• Reliable. The main study claims are generally justified by its methods and data. The results and conclusions are likely to be similar to the hypothetical ideal study. There are some minor caveats or limitations, but they would/do not change the major claims of the study. The study provides sufficient strength of evidence on its own that its main claims should be considered actionable, with some room for future revision.

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Review:

The word “optimal” is inappropriate in this context. The methodology used by the authors does not allow them to claim that the strategy they propose is optimal. When the authors talk about optimality, what they in fact mean is “the best among the strategies evaluated” (as the authors correctly point out on Page 7). This method is called scenario analysis, in which several ad hoc scenarios are compared with each other, and the one that has e.g. the lowest number of deaths is the best scenario. The reasoning here is that the authors only consider a subset of all potential strategies and hence cannot claim that the one they propose is optimal. For instance, it possible that sharing vaccines between groups in another way than the ones considered in the manuscript (e.g. 75/25, 50/50, 25/75) is better, or that splitting up the age groups in different segments would be better. Hence, the word “optimal” is misleading and I recommend avoiding using this word, especially in the title of the manuscript, and even in the context of “sub-optimal,” because technically all proposed strategies in the manuscript could be sub-optimal and there is no way of currently verifying that.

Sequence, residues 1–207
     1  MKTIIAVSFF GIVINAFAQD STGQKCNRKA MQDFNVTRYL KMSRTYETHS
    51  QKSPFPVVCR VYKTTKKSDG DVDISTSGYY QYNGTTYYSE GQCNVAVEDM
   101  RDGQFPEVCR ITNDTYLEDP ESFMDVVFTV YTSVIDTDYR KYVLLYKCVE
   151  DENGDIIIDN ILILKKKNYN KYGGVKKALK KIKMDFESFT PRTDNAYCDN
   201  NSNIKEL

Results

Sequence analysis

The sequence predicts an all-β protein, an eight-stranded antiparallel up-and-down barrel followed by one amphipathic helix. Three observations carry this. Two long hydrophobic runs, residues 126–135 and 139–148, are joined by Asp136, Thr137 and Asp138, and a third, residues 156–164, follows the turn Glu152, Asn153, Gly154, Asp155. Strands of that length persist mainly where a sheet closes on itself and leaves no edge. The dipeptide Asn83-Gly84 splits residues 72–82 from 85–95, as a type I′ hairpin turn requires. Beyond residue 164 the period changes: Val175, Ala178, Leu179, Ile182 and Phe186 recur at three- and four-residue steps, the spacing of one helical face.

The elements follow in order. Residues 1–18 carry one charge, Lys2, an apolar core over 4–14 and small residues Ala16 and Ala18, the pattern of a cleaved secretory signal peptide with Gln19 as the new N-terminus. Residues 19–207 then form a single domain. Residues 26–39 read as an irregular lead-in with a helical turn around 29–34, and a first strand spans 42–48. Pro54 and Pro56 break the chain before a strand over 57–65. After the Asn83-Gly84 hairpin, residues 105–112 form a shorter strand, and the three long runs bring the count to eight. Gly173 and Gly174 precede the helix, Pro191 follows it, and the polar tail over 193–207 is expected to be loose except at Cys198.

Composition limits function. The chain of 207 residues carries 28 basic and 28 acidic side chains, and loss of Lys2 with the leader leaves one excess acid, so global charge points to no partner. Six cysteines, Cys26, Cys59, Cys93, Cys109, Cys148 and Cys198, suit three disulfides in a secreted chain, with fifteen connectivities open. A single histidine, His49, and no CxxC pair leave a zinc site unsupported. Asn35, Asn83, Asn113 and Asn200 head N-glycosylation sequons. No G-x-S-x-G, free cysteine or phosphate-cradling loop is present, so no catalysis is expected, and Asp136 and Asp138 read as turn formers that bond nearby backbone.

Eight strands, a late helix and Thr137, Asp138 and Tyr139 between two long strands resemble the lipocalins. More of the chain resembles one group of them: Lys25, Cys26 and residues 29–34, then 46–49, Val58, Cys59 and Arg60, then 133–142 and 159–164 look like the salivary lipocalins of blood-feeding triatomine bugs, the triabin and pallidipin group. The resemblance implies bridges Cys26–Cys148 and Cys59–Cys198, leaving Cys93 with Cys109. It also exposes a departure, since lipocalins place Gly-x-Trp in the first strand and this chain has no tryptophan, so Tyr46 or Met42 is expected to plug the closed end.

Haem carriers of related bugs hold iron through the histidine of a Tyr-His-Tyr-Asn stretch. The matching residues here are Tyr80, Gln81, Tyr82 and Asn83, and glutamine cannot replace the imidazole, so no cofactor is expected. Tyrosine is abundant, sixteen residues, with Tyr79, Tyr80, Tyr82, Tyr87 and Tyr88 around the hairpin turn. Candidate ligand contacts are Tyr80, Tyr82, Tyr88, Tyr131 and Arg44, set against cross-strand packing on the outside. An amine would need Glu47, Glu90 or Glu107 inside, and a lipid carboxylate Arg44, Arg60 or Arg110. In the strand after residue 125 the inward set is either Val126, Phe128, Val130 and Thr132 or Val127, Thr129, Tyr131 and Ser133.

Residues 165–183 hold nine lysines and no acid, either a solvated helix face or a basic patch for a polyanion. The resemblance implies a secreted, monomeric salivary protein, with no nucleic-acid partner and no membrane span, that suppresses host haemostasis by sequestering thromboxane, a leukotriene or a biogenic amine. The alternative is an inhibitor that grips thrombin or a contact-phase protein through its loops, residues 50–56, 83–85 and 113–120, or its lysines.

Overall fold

Another concern I have is the authors’ claim that “[i]n our model, groups that are at high risk of death if infected are the older age groups, but our analysis implies that any high-risk group—whether the risk factor is age, obesity,  diabetes,  past lung disease,  lack of health care access,  or anything else—should have an equally high priority to vaccination.” It seems possible that the other factors that increase the risk of death if infected are correlated with a variable that the current risk factor they consider (i.e. age) is not correlated with.  As a result, this other risk factor may not require as high vaccination priority as the older high-risk population. For instance, individuals with past lung diseases may have hands-on experience of what needing a ventilator to breathe feels like and as such, these individuals may have a more risk-averse behavior which in turn implies that they are less exposed to SARS-CoV-2 than older individuals.  For this reason, I believe this claim is misleading, and fully addressing this question would require further analyses.

I believe this manuscript is important as it highlights the importance of having information on seroprevalence. However, I do not think the authors do a good job at presenting this result (it is merely presented as a secondary result), and there lacks an explanation on how their work differs from Bubar et al. [14]’s work.  Finally, I would like to see the authors detail more their model in the supplementary material. It is very helpful for some readers to be able to see the state equations.